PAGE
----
The composer and violinist Bohuslav Martinů was born in a church bell tower at Policka on the Bohemian-Moravian border on 8 December 1890. His father was the town's bell ringer and watchman. Bohuslav studied violin briefly at the conservatoire in Prague before being dismissed for failing his exams, and then continued his studies privately. He was a violinist in the Czech Philharmonic, and studied briefly with Josef Suk.
In 1923 he moved to Paris and studied with Albert Roussel. The German invasion of France in World War II drove him to the USA in 1941, where he settled in New York. It took him a while to get used to New York life, but he wrote a lot of music there, including his six symphonies, and was a teacher at the Mannes College of Music. His students included Alan Hovhaness, Jan Novák and Burt Bacharach.
At the end of his life Martinů moved to Switzerland, and died in Liestal on 28 August 1959, leaving nearly four hundred works, including the oratorio The Epic of Gilgamesh (based on the Babylonian epic) and the opera The Greek Passion (based on the novel by Kazantzakis). His music was influenced by jazz, Czech folk music, Bach, Corelli, Debussy, Stravinsky and Vivaldi.
A selection of M&V articles about Bohuslav Martinu
CD Spotlight. Exemplary Performances - Martin and Martinu choral music pleases Geoff Pearce. '... beautiful music, lovingly performed ...'
Ensemble. Loony Plot - Mike Wheeler listens to Sinfonia Viva's performances of Wagner, Milhaud, Martinu and Copland
CD Spotlight. Captivating Rhythms - Music for cello and piano, recommended by the late Howard Smith. 'Inspired programming, stellar performances and excellent recorded sound ...'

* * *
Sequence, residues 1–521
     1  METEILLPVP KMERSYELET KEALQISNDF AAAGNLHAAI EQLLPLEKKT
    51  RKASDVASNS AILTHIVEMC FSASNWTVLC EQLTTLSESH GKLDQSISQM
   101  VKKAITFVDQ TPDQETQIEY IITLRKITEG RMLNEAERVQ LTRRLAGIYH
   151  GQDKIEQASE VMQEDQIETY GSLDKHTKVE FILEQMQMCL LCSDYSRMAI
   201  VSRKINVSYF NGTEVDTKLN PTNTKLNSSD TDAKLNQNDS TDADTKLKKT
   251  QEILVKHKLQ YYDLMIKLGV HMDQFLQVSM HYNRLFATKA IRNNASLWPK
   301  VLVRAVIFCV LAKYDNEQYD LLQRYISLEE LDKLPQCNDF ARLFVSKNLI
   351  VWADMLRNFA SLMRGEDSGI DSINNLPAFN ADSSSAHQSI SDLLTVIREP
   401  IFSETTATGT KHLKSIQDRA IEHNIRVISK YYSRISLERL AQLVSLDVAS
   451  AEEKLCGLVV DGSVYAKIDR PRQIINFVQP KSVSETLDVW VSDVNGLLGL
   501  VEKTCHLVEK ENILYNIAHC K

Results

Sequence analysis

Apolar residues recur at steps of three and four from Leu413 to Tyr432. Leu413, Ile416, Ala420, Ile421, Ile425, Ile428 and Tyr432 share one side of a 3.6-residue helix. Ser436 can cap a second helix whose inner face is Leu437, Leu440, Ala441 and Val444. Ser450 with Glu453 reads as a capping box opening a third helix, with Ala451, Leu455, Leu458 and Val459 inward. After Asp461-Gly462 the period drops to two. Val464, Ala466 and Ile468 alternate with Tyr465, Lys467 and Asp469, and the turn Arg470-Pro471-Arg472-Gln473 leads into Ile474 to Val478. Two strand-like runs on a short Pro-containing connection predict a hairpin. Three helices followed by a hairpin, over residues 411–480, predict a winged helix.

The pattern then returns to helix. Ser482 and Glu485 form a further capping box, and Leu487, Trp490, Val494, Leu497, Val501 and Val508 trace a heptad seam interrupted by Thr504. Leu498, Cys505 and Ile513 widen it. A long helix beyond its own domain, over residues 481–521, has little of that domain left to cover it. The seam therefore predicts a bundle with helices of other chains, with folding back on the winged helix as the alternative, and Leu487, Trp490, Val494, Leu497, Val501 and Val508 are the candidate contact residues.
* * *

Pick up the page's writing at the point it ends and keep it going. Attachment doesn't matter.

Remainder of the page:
CD Spotlight. Christ Recrucified - Bohuslav Martinu's 'The Greek Passion', heard by Paul Sarcich. '... the production is nothing less than workmanlike, rising in places to something more inspired ...'
CD Spotlight. Flair and Musicianship - Short cello works by Bohuslav Martinu, heard by Paul Sarcich. '... small storms should be taken in small doses.'
CD Spotlight. Full of Life - Trio Koch plays Moszkowski, Milhaud and Martinu, recommended by Geoff Pearce. '... the players show a superb understanding of the melodic line and harmonic structure ...'
Ensemble. Beautifully Captured - Mike Wheeler listens to the Mavron Quartet
Ensemble. Special Musical Connections - Bill Newman attends a fundraising concert for the Raphael Sommer Foundation
Ensemble. Achingly Beautiful - Vivaldi's 'La verità in cimento' at Garsington Opera, reviewed by Roderic Dunnett
Ensemble. Christ Re-Crucified - Giuseppe Pennisi was at the Italian première of Bohuslav Martinu's Greek Passion
Ensemble. Invigorating Performance - The London Mozart Trio impresses Mike Wheeler
Profile. With Perfection in Mind - Bill Newman talks to all four members of the Wihan Quartet
CD Spotlight. Sterling Playing - Wendy Warner's interpretations of Popper and Piatigorsky, heard by Howard Smith. '... sovereign music-making deserving of the highest accolades.'
Ensemble. Another Treat - Martinu's 'Mirandolina' at Garsington Opera, by Roderic Dunnett
CD Spotlight. Consistently Refined - Debussy transcriptions, reviewed by Howard Smith. '... these alternatives are never less than striking ...'
Record Box. Full and Resonant - Violin concertos by Bohuslav Martinu, reviewed by Patric Standford
Record Box. Singing Qualities - Jennifer Koh plays Szymanowski, Martinu and Bartók, reviewed by Mike Wheeler
Provocations - Alistair Hinton and Chad Wozniak discuss Patric Standford's recent 'Provocative Thoughts'
Record box. The perceptive oboe - Nancy Ambrose King plays oboe concertos, reviewed by Basil Ramsey
Ensemble. A dazzling mix - Bohuslav Martinu's 'The Greek Passion' at London's Covent Garden, reviewed by Robert Hugill
CD Spotlight. Holstian time-warp - Martinu from the quartet bearing his name, by Roderic Dunnett. '... played with appealing clarity.'
Ensemble. Hour of Magic - Malcolm Miller is enthralled by seldom-heard East European music
CD Spotlight. Imagination and strength - The Gilgamesh epic, recounted by Robert Anderson. '... Zdenek Kosler admirably explores the depth of meaning Martinu revealed in the ancient tale ...'